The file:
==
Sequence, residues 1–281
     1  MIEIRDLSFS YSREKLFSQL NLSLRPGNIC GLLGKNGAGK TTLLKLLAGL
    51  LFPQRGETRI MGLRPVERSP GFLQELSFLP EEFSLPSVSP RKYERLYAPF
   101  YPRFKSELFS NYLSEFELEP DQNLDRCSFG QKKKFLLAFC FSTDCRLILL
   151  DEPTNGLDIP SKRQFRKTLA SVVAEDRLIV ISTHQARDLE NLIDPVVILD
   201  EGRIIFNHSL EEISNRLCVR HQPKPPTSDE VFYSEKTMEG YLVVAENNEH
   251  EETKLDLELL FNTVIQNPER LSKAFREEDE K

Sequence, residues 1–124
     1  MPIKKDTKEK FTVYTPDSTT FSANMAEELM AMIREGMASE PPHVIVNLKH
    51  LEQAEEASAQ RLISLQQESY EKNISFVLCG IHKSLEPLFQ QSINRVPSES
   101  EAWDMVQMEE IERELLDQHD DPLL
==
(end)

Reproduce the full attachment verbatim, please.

Sequence, residues 1–281
     1  MIEIRDLSFS YSREKLFSQL NLSLRPGNIC GLLGKNGAGK TTLLKLLAGL
    51  LFPQRGETRI MGLRPVERSP GFLQELSFLP EEFSLPSVSP RKYERLYAPF
   101  YPRFKSELFS NYLSEFELEP DQNLDRCSFG QKKKFLLAFC FSTDCRLILL
   151  DEPTNGLDIP SKRQFRKTLA SVVAEDRLIV ISTHQARDLE NLIDPVVILD
   201  EGRIIFNHSL EEISNRLCVR HQPKPPTSDE VFYSEKTMEG YLVVAENNEH
   251  EETKLDLELL FNTVIQNPER LSKAFREEDE K

Sequence, residues 1–124
     1  MPIKKDTKEK FTVYTPDSTT FSANMAEELM AMIREGMASE PPHVIVNLKH
    51  LEQAEEASAQ RLISLQQESY EKNISFVLCG IHKSLEPLFQ QSINRVPSES
   101  EAWDMVQMEE IERELLDQHD DPLL